Date of Award
Doctor of Philosophy
Sandra J. Sarkela
Antonio de Velasco
Craig O. Stewart
This dissertation examines Cindy Sheehan's Iraq War protests from November 2004 to May 2007 as a case study of contentious rhetoric. The notion of contentious rhetoric is based on the concept of contentious politics developed by sociologist and political scientist Charles Tilly, sociologist Doug McAdam, and political scientist Sidney Tarrow. This new conceptualization acts as a guide to understanding how Sheehan navigates the dichotomy between women and war and how she uses her own motherhood as validation for her protests. I selected a cross section of Sheehan's speeches and online blogs for this analysis and, through a close reading of these texts, looked for themes to emerge that align Sheehan within the context of contentious rhetoric. The cross section of speeches and blogs were selected to demonstrate that Sheehan's use of both online and offline protest approaches work together, even though they are different media, to create a larger repertoire of contentious rhetoric against the Iraq War. Through this framework, the analysis shows that Sheehan is not part of an isolated anti-war social movement, but is actually extending the women's peace movement that has existed over the past century in the United States. By developing this conccept of contentious rhetoric, this project creates an opening for studying the rhetoric that exists before a social movemetn occurs or fails.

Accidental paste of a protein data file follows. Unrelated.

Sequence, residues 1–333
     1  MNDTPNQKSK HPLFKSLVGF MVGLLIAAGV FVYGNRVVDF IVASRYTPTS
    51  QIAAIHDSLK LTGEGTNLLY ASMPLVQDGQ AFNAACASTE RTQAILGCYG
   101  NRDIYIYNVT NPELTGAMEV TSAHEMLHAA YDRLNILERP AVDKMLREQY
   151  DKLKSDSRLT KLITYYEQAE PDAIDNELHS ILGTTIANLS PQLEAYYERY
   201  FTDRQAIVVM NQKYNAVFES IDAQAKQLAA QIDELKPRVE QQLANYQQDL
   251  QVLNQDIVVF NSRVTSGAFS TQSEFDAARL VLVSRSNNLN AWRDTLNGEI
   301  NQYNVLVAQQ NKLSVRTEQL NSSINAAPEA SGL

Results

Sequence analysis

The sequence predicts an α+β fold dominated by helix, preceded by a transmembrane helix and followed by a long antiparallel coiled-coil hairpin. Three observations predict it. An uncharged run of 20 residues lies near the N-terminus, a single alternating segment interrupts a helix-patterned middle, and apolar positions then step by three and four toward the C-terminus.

dissertation or thesis originally submitted to the local University of Memphis Electronic Theses & dissertation (ETD) Repository.
Jackson, Jennifer Ann, "Cindy Sheehan's Confrontational Iraq War Protests: A Case Study in Contentious Rhetoric" (2012). Electronic Theses and Dissertations. 519.